|0||Cost of storage|
Table 2: Properties of Commodity Prices: Annual Data since 1919
The data is from Deaton and Larocque (1992). We use data from 1919 onward so that we can use industrial production to scale the volatility of commodity prices.
Table 3: Properties of Spot and Futures Commodity Prices: Quarterly Data since 1988
|Commodity||Spot Prices: Autocorrelation||Spot Prices: Relative Volatility||3-Month Futures Prices: Autocorrelation||3-Month Futures Prices: Relative Volatility|
The data is taken from Haver Analytics. Spot and futures prices are detrended using the HP filter. Volatility is reported relative to detrended U.S. Industrial Production.
Table 4: Simulated Moments Under General and Partial Equilibrium
|General Equilibrium||Partial Equilibrium|
|Autocorrelation: Spot Commodity Price||0.54||0.43|
|Autocorrelation: Futures Prices||0.78||0.74|
|Relative Volatility: Spot Commodity Price||2.33||2.33|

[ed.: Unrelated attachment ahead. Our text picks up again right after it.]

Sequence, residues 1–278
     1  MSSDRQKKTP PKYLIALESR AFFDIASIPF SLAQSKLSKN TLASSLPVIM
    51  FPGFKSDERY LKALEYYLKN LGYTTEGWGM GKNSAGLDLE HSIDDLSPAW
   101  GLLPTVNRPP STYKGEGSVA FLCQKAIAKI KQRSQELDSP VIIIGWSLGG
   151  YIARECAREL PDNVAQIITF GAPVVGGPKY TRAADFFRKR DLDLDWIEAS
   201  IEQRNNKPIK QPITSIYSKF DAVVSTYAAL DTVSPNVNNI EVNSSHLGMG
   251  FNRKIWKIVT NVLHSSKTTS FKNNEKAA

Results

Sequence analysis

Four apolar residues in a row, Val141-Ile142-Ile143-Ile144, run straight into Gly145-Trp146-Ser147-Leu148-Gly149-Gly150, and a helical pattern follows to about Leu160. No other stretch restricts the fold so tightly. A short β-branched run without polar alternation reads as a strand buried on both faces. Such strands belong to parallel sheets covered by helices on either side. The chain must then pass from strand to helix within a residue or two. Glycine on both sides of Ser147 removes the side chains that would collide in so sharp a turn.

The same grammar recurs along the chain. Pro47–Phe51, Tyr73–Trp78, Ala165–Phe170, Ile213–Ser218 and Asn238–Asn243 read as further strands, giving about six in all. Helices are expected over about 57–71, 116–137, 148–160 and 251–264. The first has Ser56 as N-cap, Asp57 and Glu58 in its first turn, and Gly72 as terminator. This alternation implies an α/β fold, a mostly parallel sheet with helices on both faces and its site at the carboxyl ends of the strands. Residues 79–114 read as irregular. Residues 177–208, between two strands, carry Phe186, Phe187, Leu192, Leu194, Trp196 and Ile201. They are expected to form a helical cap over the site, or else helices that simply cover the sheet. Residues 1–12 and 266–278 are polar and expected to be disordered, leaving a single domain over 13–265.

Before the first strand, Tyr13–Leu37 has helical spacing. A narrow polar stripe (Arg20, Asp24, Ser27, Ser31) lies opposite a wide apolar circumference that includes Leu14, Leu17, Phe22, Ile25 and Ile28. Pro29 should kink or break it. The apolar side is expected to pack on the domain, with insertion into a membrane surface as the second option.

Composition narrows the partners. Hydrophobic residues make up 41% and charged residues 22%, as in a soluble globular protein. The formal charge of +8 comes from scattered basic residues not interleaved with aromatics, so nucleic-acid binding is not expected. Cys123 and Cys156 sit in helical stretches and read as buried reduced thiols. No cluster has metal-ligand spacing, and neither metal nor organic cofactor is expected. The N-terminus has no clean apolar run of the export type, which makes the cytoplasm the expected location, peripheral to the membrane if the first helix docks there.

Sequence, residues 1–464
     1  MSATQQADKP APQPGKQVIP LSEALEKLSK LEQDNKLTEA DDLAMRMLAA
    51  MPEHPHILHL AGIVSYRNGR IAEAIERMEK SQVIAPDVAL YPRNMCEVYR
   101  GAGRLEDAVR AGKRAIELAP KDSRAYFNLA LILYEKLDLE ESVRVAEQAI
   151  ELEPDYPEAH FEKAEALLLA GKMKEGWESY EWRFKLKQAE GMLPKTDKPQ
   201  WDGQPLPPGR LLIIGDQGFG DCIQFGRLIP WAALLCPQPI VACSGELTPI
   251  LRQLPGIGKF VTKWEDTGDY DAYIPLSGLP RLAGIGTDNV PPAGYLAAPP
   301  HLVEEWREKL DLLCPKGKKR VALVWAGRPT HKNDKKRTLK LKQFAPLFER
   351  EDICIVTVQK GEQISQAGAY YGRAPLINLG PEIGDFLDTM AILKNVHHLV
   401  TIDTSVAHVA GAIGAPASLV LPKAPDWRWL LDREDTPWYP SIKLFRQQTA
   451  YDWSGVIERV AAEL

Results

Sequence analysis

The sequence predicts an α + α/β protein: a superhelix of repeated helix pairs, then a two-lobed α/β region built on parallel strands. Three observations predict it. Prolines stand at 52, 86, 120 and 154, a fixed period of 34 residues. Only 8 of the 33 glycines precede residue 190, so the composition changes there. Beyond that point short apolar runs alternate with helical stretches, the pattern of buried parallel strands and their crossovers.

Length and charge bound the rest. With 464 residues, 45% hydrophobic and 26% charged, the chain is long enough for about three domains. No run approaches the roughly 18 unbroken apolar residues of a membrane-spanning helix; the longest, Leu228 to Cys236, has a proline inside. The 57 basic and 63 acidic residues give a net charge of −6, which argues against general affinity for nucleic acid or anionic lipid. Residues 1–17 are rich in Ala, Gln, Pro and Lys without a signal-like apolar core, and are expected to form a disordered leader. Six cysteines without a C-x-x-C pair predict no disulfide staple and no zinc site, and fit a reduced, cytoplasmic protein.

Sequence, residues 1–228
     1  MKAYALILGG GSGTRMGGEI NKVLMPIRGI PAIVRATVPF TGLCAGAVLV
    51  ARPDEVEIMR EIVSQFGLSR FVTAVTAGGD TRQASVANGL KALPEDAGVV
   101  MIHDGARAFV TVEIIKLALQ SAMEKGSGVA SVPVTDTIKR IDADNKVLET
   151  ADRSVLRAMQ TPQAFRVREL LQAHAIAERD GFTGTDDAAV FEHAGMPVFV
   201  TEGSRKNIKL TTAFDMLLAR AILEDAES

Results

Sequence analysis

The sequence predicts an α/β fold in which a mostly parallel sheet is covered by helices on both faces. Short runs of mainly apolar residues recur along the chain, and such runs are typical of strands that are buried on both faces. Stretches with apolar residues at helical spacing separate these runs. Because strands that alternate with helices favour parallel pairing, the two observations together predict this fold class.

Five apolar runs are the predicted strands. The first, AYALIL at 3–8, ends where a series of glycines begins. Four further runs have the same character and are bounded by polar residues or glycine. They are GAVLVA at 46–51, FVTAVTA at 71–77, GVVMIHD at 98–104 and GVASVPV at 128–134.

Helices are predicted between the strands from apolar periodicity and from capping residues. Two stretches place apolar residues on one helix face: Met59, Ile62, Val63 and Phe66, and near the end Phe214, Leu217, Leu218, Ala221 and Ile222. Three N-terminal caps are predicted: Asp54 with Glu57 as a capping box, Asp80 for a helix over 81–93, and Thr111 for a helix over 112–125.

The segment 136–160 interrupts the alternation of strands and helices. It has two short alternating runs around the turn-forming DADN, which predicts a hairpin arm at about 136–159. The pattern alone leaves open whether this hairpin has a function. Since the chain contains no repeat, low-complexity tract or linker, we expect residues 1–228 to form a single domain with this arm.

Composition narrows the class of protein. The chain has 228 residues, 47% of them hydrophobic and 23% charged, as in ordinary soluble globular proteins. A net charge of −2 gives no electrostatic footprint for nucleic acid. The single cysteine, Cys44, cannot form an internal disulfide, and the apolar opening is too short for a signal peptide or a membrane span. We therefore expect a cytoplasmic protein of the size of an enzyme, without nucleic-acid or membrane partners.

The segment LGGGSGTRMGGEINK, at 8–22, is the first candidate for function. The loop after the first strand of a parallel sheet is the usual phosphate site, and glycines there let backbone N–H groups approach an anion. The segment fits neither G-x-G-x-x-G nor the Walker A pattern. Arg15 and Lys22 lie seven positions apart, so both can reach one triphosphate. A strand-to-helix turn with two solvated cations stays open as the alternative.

|Relative Volatility: Futures Prices||1.4||1.1|
|Probability of Stock outs||11.7||19.3|
Figure 1: Commodity Prices and World Industrial Production
Figure 2: Decision Rules Conditional on a Positive Shock to Commodity Production, Partial Versus General Equilibrium
Figure 3: Decision Rules Conditional on a Negative Shock to Commodity Production, Partial Versus General Equilibrium
Figure 4: Model Simulated Data
Figure 5: Impulse response functions to a positive shock to commodity production, general versus partial equilibrium. IRFs are calculated by first simulating the model with a series of draws of zero shocks for 100 periods. We then introduce a single shock and let the model gradually return to the stochastic steady state conditional on the series of draws of zero shocks.
Figure 6: Impulse response functions (IRFs) to a negative shock to commodity production, general versus partial equilibrium. IRFs are calculated by first simulating the model with a series of draws of zero shocks for 100 periods. We then introduce a single shock and let the model gradually return to the stochastic steady state conditional on the series of draws of zero shocks.
Figure 7: Real Commodity Prices, 1960-2010
Figure 8: Global Stocks to Consumption Ratio, 1960-2010